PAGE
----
Little Visits with Great Americans

by Orison Swett Marden

Miss Helen Miller Gould, A Friend of the Children

Miss Helen Miller Gould has won a place for herself in the hearts of Americans such as few people of great wealth ever gain. She is, indeed, one of the best known and most popular young women of New York, if not in the world. Her strong character, common sense, and high ideals, have made her respected by all, while her munificence and kindness have won her the love of many.

Her personality is charming. Upon my arrival at her Tarrytown home, I was made to feel that I was welcome, and everyone who enters her presence feels the same. The grand mansion, standing high on the hills overlooking the Hudson, has a home-like appearance that takes away any awe that may come over the visitor who looks upon so much beauty for the first time.

Chickens play around the little stone cottage at the grand entrance, and the grounds are not unlike those of any other country house, with trees in abundance, and beautiful lawns. There are large beds of flowers, and in the gardens all the summer vegetables were growing.

Miss Gould takes a very great interest in her famous greenhouses, the gardens, the flowers, and the chickens, for she is a home-loving woman. It is a common thing to see her in the grounds, digging and raking and planting, for all the world like some farmer's girl. That is one reason why her neighbors all like her; she seems so unconscious of her wealth and station.


When I entered Lyndhurst, she came forward to meet me in the pleasantest way imaginable. Her face is not exactly beautiful, but has a great deal of character written upon it, and is very attractive, indeed. She held out her hand for me to shake in the good old fashioned way, and then we sat down in the wide hall to talk. Miss Gould was dressed very simply. Her gown was of dark cloth, close-fitting, and her skirt hung several inches above the ground, for she is a believer in short skirts for walking. Her entire costume was very becoming. She never over-dresses, and her garments are neat, and, naturally, of excellent quality.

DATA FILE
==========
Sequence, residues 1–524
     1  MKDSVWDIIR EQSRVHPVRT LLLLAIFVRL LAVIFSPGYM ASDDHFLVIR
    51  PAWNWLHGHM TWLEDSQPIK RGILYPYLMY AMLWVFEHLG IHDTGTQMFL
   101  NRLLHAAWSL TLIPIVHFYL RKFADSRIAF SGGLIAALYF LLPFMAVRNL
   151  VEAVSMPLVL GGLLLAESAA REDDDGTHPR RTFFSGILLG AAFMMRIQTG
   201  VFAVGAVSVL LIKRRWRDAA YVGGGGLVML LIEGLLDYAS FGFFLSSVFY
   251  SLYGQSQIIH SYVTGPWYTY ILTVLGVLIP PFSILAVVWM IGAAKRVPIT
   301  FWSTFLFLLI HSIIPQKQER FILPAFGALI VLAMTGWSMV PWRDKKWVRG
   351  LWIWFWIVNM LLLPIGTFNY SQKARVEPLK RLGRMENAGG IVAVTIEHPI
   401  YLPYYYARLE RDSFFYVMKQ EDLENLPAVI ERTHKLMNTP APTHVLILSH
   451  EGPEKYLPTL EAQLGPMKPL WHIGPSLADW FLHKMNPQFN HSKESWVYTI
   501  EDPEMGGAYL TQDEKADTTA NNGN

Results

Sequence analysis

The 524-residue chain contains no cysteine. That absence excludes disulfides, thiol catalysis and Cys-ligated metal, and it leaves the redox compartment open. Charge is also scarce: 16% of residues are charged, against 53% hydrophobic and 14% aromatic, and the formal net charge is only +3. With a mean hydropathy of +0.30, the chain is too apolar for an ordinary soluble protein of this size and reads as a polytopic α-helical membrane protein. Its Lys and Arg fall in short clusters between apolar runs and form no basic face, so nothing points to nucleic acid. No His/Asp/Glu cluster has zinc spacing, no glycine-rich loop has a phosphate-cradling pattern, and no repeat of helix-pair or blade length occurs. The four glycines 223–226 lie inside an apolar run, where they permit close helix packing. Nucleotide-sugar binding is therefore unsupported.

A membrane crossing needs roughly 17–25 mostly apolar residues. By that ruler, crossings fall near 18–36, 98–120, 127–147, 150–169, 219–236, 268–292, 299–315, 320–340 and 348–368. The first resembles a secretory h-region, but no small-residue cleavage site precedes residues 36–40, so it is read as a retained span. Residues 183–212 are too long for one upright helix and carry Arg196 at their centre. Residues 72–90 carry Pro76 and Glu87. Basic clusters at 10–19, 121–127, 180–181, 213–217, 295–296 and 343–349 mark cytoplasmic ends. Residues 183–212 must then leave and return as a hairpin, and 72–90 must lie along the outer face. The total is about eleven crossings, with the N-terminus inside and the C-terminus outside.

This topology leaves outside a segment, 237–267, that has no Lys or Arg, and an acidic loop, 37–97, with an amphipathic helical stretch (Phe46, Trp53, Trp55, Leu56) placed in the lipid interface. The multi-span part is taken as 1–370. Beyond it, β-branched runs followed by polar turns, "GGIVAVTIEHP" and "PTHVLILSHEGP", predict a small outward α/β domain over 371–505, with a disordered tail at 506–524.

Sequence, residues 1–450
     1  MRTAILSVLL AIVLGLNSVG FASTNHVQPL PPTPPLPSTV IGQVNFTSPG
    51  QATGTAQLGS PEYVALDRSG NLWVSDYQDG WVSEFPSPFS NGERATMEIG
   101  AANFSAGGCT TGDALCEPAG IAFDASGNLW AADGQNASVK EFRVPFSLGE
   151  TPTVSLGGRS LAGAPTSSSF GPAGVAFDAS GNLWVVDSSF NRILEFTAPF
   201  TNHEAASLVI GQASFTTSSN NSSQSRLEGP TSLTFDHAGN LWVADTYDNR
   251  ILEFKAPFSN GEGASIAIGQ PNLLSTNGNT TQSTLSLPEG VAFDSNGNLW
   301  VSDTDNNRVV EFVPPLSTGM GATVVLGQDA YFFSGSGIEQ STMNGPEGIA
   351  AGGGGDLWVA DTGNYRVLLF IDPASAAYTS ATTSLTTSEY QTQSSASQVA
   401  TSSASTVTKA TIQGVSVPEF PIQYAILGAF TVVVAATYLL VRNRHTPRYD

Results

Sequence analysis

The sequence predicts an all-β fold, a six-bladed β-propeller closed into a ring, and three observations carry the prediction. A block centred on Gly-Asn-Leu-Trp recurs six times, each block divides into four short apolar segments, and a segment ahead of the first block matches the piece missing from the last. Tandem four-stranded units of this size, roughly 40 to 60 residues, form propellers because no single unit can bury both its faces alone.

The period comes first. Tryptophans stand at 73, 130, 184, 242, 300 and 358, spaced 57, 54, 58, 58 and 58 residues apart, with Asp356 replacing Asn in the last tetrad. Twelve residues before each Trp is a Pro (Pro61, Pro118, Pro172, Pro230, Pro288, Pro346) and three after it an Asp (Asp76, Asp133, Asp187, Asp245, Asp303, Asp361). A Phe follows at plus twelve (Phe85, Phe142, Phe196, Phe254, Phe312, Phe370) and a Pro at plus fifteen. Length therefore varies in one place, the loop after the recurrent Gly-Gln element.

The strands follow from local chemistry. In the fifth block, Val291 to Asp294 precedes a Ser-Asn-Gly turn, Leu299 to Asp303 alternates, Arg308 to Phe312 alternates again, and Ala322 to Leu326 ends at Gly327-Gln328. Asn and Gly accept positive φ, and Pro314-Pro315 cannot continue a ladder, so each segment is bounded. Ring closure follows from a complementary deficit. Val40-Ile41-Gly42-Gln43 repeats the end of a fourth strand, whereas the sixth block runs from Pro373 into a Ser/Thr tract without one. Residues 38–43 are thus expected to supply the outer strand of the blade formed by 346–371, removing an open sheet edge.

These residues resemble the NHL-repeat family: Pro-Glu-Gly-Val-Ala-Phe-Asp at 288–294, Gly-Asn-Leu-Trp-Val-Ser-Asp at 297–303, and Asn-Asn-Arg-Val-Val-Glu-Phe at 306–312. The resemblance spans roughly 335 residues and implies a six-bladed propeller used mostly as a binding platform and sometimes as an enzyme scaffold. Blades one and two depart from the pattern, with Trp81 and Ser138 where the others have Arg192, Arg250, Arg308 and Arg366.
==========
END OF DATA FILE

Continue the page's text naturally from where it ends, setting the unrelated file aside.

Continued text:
In the conversation that followed, I was permitted to learn much of her ambitions and aims. She is ambitious to leave a great impression on the world, —an impression made by good deeds well done, and this ambition is gratifying to the utmost. She is modest about her work. "I cannot find that I am doing much at all," she said, "when there is so very much to be done. I suppose I shouldn't expect to be able to do everything, but I sometimes feel that I want to, nevertheless." Her good works are numerous and many sided. For a number of years, she has supported two beds in the Babies' Shelter, connected with the Church of the Holy Communion, New York, and the Wayside Day Nursery, near Bellevue Hospital, has always found in her a good friend. Once a year she makes a tour through the day nurseries of New York, noting the special needs of each, and often sending checks and materials for meeting those needs.


One of her most charming charities is "Woody Crest," two miles from Lyndhurst, a haven of delight where some two score waifs are received at a time for a two-weeks' visit. She has a personal oversight of the place, and, by her frequent visits, makes friends with the wee visitors, who look upon her as a combination of angel and fairy godmother. Every day, a wagonette, drawn by two horses, takes the children, in relays, for long drives into the country. Amusements are provided, and some of those who remain for an entire season at Woody Crest are instructed in different branches. Twice a month some of the older boys set the type for a little magazine which is devoted to Woody Crest mattion of young women of today, and what careers they should follow. This is one of her particular hobbies, and many are the young girls she has helped to attain to a better and more satisfactory life.